Politics and Social Media


Politicsand Social Media

Politicsand Social Media

Socialmedia have revolutionized the organization of political movements andcampaigns. Gathering political support and passing of information tothe supporters has become easy. Before the invention of social media,political organizations relied on crude means that were ineffective,tiring, time-consuming and expensive. This piece of work examines thenature of political organizations and how people passed expressingtheir political views before the invention of instant media.

Politicalmethods and campaign strategies have been changed greatly by thesocial media. For example, in the US, the first bigger campaign thatemployed social media in the US was in 2008. President Obama reliedheavily on social media with about 1.5 million tweets being releasedin relation to his campaign. When this trend is compared to trendwith the pre-social media era, there was a big change. PresidentReagan, for example, relied heavily on the foot soldiers to carry hiscampaign agenda to the people. He also relied on the religiousorganizations in reaching the people in places of worship (Jeffers,2013).

Politicalrevolutions have been in constant change over time. Before the fallof the Berlin wall, the Eastern Bloc was very active in the use offax machines. Fax machines were very powerful and reliable means ofsharing political information. Differing political organizations usedradio technologies to pass their messages to the ruling parties. Theusages of cassettes and videotapes were very common. The opponentswere getting smarter every day to find a medium that was beyond thecontrol of the ruling regime (Weinstein, 2014).

Justbefore the discovery of social media, varied forms of electronicmedia were available. Online chats, boards played a crucial role insharing information (Rhodes, 2013). People could access them fromtheir homes and offices and could use mobile phones to shareinformation on streets. People could share the events taking place onthe streets such as demonstrations to the cabinet ministers using thetext messages. There were other independent information outlets suchas television and newspapers. Politicians could drive their politicalideas and events to the people using mass media.

Theroles played by the average campaign supporters were limited beforethe introduction of social media (Rhodes, 2013). It was difficult tohold several campaign meetings and only the very famous and the richpolitical parties and politicians could manage. It requires thewriting of a big check or using the area offices in places where theywere available. The then trend was contrary to the ease brought bythe use of social media where people can participate in campaignsfreely by giving feedback, commenting on political ideas and engagingdirectly with politicians. Politicians could not engage in anexchange of ideas with their supports because communication was onlyone way, and there was no avenue for feedback.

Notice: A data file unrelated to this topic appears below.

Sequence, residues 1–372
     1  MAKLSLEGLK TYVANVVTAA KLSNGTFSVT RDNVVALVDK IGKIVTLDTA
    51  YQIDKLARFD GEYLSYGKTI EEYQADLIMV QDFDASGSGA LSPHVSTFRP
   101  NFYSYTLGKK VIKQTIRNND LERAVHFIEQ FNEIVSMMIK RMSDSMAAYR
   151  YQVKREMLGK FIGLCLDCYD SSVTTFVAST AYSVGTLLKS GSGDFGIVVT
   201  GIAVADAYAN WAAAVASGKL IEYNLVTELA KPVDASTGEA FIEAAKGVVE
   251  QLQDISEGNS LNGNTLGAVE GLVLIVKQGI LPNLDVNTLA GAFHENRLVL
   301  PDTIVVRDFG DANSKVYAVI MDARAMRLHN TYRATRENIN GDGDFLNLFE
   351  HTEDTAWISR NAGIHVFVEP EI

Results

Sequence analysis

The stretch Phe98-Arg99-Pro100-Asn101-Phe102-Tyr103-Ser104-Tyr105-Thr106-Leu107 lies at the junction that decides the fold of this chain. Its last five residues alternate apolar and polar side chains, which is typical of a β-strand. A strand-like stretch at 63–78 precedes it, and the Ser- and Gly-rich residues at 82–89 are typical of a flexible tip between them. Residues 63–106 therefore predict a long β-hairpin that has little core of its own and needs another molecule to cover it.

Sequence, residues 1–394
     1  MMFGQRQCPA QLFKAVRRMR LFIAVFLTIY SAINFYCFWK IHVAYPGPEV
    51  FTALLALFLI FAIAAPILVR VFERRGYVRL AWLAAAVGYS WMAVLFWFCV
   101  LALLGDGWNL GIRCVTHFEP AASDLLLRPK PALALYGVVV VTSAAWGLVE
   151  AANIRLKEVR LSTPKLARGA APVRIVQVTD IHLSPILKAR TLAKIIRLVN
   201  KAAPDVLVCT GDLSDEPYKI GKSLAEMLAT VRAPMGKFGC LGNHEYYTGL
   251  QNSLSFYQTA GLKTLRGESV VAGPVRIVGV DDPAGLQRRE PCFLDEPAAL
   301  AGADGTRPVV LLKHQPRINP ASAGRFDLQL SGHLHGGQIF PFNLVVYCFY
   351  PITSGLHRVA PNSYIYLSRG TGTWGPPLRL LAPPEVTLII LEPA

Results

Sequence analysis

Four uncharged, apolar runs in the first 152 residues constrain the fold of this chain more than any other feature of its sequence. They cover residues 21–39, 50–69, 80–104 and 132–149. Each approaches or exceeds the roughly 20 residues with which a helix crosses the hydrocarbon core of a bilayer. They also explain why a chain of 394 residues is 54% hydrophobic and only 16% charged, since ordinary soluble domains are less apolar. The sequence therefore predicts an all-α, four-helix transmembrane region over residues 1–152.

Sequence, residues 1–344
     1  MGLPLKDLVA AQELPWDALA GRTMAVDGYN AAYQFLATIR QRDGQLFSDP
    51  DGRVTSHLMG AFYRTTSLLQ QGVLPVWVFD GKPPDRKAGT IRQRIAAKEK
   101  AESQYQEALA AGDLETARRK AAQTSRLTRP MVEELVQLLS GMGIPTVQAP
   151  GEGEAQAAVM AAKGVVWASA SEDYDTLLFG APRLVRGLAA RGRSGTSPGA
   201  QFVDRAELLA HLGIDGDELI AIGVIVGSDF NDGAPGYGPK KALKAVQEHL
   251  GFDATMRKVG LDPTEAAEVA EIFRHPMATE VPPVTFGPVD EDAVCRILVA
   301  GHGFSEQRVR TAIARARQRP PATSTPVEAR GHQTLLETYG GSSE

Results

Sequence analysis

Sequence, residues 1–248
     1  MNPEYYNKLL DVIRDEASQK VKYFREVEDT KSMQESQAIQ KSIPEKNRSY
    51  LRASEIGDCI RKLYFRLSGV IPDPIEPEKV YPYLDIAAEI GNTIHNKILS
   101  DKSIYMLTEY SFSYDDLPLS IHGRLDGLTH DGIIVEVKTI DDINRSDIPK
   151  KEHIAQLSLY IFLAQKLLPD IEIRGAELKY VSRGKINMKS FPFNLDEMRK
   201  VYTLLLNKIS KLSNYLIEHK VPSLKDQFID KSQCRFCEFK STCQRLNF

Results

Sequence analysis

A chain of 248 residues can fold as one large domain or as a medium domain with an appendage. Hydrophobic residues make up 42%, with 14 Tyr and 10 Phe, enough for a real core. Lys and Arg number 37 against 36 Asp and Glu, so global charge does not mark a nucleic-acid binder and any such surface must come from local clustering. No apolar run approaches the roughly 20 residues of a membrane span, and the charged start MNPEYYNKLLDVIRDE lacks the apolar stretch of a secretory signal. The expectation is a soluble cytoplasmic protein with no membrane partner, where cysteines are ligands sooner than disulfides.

Organizationof groups for political purposes or archiving of some politicalinterests could take the form of print media to pass information. Inthe early 1970s and late 1960s, there was a common phrase that “thepersonal is political.” This slogan was the prevailing proverb ofthe feminist movement (Weinstein, 2014). Decades later, this sloganhas changed from being personal to political. The information waspassed using memos and printed notes. It took a decade to achieve theinterests of the group.

Inconclusion, the organization of political movements and politicalrallies before the social media era was lengthy but the situation haschanged. Communication relied on ineffective means like print mediaand less efficient electronic media like fax. The public were lockedout of participation in campaign matters. It was difficult for votersto express their opinions.


Jeffers,D. (January 18, 2013). Jeffers, D. (January 18, 2013). How SocialMedia has Changed Politics: It’s Not Just Tactics. TheSocial Media Monthly. Availableat:&lthttp://thesocialmediamonthly.com/how-social-media-has-changed-politics-its-not-just-tactics/&gt.

Rhodes,J. (2013). NationalAgenda 2014.Newark: University of Delaware.

Weinstein,C. E. (2014). The Personal Is Political on Social Media: Online CivicExpression Patterns and Pathways Among Civically Engaged Youth.InternationalJournal of Communication, 8(2014), 210–233.